The delivery and quality of urban public transport plays a significant role in supporting local and regional economic development, the environment, employment opportunities and social inclusion.
In many European cities public transport operators provide significant local employment. Regulations regarding the provision and award of such services can therefore potentially impact on all these factors.
In the context of evolving market conditions, the social partners - UITP and ETF (European Transport Workers’ Federation) – decided to commission a study to examine the market organisation of the sector and the legal framework underpinning it, as well as the employment and working conditions and the role of collective bargaining within this.
The study, undertaken by consultancy firm ICF, sought to chart how European social conditions have evolved over the past ten years, with a particular focus on Austria, Bulgaria, Belgium, Czech Republic, Germany, Finland, France, the Netherlands, Ireland, Italy, Sweden and the UK. The social partners particularly wished to study the impact of European Regulation 1370/2007 in requiring contract bidders to meet certain social quality criteria/standards and/or requiring a transfer of staff in case of change of operator as well as the potential effect on employment security and working conditions in the sector.
Four key trends identified:
1. Award processes
The study revealed that competitive tendering has become more widespread in Europe, driven by national legal frameworks and economic/political motivations. However, significant differences remain: in Belgium, Luxembourg, Ireland and Greece, all urban bus services are directly awarded. In all other countries, direct award and tendering exist although the latter is in practice marginal in more than ten Member States. While PSO Regulation 1370/2007 does not require the use of tendering, it has provided an impetus contributing to restructuring in the sector in many countries. In general, integrated networks are more likely to be directly awarded to an internal operator whereas bus services, particularly in smaller towns, are more likely to be tendered.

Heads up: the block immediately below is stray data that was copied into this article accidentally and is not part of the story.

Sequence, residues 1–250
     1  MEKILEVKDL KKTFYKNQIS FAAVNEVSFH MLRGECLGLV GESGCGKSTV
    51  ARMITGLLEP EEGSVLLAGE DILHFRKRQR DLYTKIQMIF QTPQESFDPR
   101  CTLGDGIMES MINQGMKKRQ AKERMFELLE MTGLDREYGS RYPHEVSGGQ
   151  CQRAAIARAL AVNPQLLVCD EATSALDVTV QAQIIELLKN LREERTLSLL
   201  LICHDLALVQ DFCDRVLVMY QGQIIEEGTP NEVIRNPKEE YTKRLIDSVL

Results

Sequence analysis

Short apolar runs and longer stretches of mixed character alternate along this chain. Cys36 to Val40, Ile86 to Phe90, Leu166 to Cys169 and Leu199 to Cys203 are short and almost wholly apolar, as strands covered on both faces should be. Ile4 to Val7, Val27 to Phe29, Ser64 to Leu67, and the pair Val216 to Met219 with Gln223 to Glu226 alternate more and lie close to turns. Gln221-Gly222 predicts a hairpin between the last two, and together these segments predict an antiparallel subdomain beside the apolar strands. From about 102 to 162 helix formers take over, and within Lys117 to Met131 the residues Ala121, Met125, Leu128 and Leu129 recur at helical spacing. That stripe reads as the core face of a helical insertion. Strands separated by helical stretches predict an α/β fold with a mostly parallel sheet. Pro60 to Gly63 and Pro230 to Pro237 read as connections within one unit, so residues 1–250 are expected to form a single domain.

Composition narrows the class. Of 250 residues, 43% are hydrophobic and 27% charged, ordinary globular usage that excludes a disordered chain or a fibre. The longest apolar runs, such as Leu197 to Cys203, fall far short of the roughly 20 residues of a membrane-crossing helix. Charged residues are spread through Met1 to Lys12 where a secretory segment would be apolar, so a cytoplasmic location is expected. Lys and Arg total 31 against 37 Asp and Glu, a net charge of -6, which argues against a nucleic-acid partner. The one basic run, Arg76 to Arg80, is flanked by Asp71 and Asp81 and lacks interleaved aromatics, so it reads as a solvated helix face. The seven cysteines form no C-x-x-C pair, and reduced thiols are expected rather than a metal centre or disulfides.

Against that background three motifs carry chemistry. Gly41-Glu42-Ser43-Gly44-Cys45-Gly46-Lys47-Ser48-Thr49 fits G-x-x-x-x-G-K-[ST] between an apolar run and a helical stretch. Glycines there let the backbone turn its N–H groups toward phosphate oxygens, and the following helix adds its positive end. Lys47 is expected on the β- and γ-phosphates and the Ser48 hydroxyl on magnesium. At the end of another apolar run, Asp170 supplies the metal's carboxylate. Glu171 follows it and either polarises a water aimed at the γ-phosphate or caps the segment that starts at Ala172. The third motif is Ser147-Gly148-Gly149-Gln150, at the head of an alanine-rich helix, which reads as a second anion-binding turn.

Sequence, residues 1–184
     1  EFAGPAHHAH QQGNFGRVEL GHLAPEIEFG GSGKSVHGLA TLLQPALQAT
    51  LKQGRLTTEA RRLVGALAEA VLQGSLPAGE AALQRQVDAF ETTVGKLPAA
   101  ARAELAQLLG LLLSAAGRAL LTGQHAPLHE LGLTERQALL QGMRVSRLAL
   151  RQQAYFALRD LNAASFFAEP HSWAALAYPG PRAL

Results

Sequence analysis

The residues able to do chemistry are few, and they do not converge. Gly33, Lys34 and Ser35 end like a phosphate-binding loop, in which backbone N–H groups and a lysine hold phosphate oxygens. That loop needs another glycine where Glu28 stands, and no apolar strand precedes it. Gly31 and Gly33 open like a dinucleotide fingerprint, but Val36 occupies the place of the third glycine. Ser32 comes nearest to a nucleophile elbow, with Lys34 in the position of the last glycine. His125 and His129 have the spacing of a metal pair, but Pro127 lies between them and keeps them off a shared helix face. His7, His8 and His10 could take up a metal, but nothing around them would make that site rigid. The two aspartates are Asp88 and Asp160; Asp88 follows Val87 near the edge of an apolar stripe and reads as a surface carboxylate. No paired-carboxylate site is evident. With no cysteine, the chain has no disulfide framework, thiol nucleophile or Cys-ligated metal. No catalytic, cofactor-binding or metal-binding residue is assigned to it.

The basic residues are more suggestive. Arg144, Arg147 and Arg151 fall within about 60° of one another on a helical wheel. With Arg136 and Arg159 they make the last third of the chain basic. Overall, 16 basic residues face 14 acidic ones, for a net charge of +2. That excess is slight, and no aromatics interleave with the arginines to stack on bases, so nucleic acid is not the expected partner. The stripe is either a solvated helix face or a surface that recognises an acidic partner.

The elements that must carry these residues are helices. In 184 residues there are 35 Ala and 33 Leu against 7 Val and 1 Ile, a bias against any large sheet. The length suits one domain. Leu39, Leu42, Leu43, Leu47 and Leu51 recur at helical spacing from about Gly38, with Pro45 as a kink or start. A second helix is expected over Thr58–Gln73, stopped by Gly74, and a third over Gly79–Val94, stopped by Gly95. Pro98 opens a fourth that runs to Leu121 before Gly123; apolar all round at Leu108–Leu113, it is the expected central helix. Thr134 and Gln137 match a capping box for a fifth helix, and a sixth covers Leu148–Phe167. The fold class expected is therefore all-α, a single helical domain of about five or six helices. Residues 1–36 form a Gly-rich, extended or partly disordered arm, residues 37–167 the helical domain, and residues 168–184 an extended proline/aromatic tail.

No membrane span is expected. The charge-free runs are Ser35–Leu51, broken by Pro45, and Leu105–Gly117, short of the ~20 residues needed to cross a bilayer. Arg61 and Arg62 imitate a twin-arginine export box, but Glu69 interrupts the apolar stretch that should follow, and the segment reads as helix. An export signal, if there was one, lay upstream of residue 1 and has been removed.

2. Market organisation
Urban public transport is still characterised by a high number of internal operators but the increasing use of tendering has seen the emergence of a number of international players. This is the case for a number of French companies, such as Keolis, Transdev and RATP Dev. Other important European operators include Arriva DB, National Express, Nobina and Abellio amongst others. However, international companies, only have a significant share in seven Member States, primarily those that mostly use tendering. Overall, the study reveals that the number (or role) of internal operators has declined over the past ten years.
Employment data for urban public transport alone is difficult to obtain as national statistics mostly also cover rail, coach (long-distance) and inter-urban transport. In Sweden and France an overall increase of staff has been noted, largely due to an increase in the number of drivers. In Finland and the Netherlands, employment has remained stable with a slight increase in the number of drivers. In Germany, Italy and Ireland employee numbers have declined slightly. The sector is largely male dominated and the share of female workers is 8-18% among operators studied.
4. Setting employment and social conditions
Legislation plays a significant role in setting a minimum baseline for employment and social conditions in the urban public transport sector. In addition, such legislation is mostly enhanced through collective agreements negotiated at the national sectoral, regional or company level. The level and content of collective bargaining is of particular importance in the context of competitive tendering, as it has the potential of setting a floor of rights to be respected by all companies in the sector. Also, the PSO Regulations include the possibility of using additional social quality criteria/standards in tendering. However, it seems that this possibility is not used very often by competent authorities.
The study does not provide a conclusive picture regarding the impact of different forms of award on employment conditions and stability or indeed the quality of services delivered, as factors such as the availability of public budgets to invest in infrastructure and services or the regulatory and collective bargaining framework are multi-faceted and interlinked.
The study noted, however, that public budgets’ reduced capacity to invest in infrastructure and services and the political/economic drive for higher cost-efficiency and effectiveness had an adverse impact on working conditions in both awarding regimes, direct award and competitive tendering.
Based on specific case study examples on good practices in ensuring employment security, social standards and service quality, the study’s conclusions serve to highlight the advantages as well as the pitfalls of different award regimes in the context of evolving market conditions.
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This article is an updated version of the article published on 1 June 2016.